It’s 0400 AM. I am on a ship, the RRS Ernest Shackleton, up at this time for several reasons:
- The internet is eye-gougingly slow at this time, which is a considerable improvement from the the rest of the time when others are using the tiny little satellite connection we have as well.
- My internal clock is badly screwed up due to the lack of obvious daily rhythm and disrupted sleep the last few days.
- We are passing the island of Bouvetøya, which is remarkable because it is a) the only land we’ve seen in over a week and b) it is the most remote island in the world, which feels about right.
We’ve traveled now for almost a week, constantly heading 206 degrees (South!) out of Cape Town, and it does feel like we’re a long way from anything. However, we’re only half way to our landing point near Halley. They’re not sure yet, but the expectation is somewhere between Saturday and Sunday we’ll start to encounter the ice – there’s a lot more of it than expected this year, and further out, so we’ll need to do a lot of icebreaking.
Our ship! The RRS Ernest Shackleton, one of two ships that the British Antarctic Survey has. This one is more of a freighter while the other, the James Clark Ross, is a science vessel. It has accommodation for about 60 people, of which currently 21 are crew and 28 are “supernumerary crew” – what you call passengers if you want them to help with cleaning etc 🙂 It is pretty comfortable aboard: we all have cabins with at most one other person, which is manageable. There’s unlimited excellent food produced – almost more than I can eat, which is a problem. They have a bar with cheap beer (so far not taken full advantage of), lounges, a very extensive DVD collection and a very interesting crew.
Our cargo! In addition to the passengers, of which 5 are from the wintering team while the rest are (much more sensible) summer staff, we are carrying many tonnes of cargo bound for Halley. Most of this by weight is Avtur fuel, stored in those four white tank-tainers (apparently a word) and many barrels held down in the hold below. We also are carrying a years’ supply of food, spare generators, all kinds of other replacement parts and science kit. And, of course, our personal boxes. This photo is looking aft from the bridge, which we can go up and visit freely – which is very cool. That room, in addition to the best views around, also has so many screens and levers and buttons – an engineer’s heaven. We have to careful when it’s dark and rolling that we don’t fall on a button that declutches the engines or something though – this is hard as most of the surfaces are covered in controls of some description.
As ever, a photo fails to capture the beauty of the scene, which was a feast for our eyes. The second day into our cruise we were presented with a stunning sunset. We were sitting on the edge of the ship, beers in hand, thinking life is good. The next few days the ship got a lot more motion. Icebreakers have flat bottoms, the idea being they can ride up on the ice and crush it with their weight, which means that the handling on the high seas is not very good. This ship rolls sided to side as usual, but also strongly pitches forwards-backwards. Slowly but surely, as the seas picked up, people vanished into their cabins. To my great surprise, I have been completely unaffected by seasickness – and I’m very glad. My less fortunate colleagues have had a rough few days…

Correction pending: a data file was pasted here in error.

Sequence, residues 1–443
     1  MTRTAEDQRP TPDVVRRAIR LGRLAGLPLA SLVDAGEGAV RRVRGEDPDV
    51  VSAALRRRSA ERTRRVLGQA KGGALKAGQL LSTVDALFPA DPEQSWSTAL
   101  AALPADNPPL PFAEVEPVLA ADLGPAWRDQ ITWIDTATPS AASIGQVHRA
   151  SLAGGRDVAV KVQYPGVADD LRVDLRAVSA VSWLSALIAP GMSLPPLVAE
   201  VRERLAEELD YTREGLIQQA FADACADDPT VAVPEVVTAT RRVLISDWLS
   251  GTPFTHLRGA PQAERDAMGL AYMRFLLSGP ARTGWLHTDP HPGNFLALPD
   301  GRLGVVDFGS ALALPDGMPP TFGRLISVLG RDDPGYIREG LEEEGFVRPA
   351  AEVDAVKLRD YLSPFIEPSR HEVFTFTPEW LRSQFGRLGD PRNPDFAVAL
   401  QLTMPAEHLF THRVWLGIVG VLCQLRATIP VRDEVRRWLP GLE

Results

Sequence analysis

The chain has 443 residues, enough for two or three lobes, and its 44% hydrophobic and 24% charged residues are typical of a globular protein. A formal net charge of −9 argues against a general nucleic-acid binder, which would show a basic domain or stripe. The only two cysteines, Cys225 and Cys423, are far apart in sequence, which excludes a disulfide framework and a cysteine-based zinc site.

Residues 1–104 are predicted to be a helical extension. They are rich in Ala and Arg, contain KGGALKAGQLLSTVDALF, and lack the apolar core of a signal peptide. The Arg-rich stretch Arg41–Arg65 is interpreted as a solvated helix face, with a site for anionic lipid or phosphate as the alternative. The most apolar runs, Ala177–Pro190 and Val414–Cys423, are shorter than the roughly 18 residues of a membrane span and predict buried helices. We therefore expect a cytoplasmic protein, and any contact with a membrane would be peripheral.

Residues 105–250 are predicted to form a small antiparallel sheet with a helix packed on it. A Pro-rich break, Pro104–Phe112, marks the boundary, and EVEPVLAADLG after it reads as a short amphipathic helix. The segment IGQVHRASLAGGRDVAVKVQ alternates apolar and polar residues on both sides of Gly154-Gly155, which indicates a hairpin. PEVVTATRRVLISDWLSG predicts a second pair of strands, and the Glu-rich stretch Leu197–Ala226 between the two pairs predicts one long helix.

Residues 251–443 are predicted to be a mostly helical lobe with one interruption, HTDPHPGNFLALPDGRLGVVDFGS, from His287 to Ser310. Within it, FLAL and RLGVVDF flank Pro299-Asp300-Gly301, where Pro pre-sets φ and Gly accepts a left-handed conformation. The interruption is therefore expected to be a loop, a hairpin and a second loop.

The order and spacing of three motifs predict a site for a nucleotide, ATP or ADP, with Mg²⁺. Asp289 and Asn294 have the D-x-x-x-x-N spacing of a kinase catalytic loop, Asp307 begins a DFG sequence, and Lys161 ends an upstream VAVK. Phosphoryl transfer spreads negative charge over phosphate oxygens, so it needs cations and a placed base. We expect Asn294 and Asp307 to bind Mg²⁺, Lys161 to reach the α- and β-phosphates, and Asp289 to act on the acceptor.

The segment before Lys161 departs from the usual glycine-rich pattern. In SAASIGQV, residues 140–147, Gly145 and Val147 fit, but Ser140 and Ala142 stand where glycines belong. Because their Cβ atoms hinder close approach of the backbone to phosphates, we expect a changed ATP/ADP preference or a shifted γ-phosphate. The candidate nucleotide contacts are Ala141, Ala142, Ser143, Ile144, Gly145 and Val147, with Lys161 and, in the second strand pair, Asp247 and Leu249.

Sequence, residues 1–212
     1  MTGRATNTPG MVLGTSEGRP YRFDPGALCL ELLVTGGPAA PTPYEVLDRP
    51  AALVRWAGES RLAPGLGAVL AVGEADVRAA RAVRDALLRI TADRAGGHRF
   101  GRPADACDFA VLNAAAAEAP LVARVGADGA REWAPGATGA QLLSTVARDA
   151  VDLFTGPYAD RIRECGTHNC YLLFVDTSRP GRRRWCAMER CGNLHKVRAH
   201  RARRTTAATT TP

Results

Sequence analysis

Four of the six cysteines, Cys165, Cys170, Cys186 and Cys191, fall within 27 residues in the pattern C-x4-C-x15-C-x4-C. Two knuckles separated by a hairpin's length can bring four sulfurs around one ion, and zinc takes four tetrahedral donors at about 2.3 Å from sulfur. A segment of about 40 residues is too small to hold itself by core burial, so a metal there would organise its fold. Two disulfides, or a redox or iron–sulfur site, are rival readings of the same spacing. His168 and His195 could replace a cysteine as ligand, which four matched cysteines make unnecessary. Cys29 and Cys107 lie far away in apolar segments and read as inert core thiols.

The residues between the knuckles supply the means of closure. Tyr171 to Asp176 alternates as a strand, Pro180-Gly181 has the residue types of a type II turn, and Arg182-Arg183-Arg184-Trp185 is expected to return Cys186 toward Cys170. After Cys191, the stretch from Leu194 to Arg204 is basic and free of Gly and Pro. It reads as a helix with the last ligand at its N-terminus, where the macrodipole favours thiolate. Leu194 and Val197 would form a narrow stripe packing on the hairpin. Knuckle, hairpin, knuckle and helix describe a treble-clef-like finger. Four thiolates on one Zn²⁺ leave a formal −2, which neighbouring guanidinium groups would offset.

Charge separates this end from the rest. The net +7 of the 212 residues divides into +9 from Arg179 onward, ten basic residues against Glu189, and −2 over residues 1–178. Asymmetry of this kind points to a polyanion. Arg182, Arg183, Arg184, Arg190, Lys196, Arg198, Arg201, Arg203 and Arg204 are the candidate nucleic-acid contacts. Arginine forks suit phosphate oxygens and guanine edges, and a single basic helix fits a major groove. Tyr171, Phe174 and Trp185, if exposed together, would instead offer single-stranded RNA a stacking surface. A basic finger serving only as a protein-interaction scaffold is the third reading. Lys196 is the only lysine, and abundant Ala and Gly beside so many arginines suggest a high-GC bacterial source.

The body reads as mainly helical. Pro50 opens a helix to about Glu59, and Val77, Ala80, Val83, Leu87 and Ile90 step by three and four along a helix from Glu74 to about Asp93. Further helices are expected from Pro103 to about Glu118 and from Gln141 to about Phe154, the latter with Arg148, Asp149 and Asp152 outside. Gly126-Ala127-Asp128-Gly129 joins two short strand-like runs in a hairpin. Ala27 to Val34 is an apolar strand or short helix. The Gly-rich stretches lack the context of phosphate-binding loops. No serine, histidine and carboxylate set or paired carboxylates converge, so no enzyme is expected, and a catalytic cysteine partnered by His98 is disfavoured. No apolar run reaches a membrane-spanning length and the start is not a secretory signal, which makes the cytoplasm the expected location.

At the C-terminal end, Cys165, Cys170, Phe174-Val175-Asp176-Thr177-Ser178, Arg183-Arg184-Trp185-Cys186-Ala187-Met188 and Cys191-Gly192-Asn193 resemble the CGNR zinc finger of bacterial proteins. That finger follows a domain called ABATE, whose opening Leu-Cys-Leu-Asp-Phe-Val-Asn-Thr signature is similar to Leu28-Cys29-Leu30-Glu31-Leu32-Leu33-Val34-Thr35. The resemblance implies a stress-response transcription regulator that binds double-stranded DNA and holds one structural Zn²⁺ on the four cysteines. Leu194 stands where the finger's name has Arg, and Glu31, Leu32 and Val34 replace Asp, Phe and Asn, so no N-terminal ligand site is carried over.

Yesterday were the heaviest seas yet. We have been able to avoid entering a storm we thought we may have to pass though but crossing in its wake still gave 10m swells and very dramatic ship movements. Enough, certainly, to make walking hard, make anything in your cabin that’s not secured fall to the floor, showering hazardous and interesting sitting in the lounge as your chair slides back and forth across the room.
Another view from the bridge, this time looking forward, from last night. Although we’re not expected to hit real ice for some days, we’re in the ice danger zone and icebergs may exist as far North as here (45deg S). The big ones we’ll see on radar long before we see the visually, but the smaller ones that don’t have a radar reflection are still a risk to the ship, so the crew are watching our path like hawks that eat ice. At night, they turn on two bright searchlights to illuminate the sea, and last night there was also heavy snowfall resulting in a pair of beautiful snow shafts. The outside temperature has dropped to about 3 degrees, with the water temperature slightly below. Too cold to loiter outside long, as we haven’t yet cracked open our cold-weather gear. Strange to think just a few days ago it was hot, shorts weather… it’s starting to feel a bit like where I’m going…
By the way, I have no comments enabled here as it’s not really possible for me to view them (frustratingly the internet out here is so poor I cannot view my own blog). I do want to hear from you though, even if it’s one-line witty comments or questions about anything I write! Send them via email, though, at alexander at alexandicity.com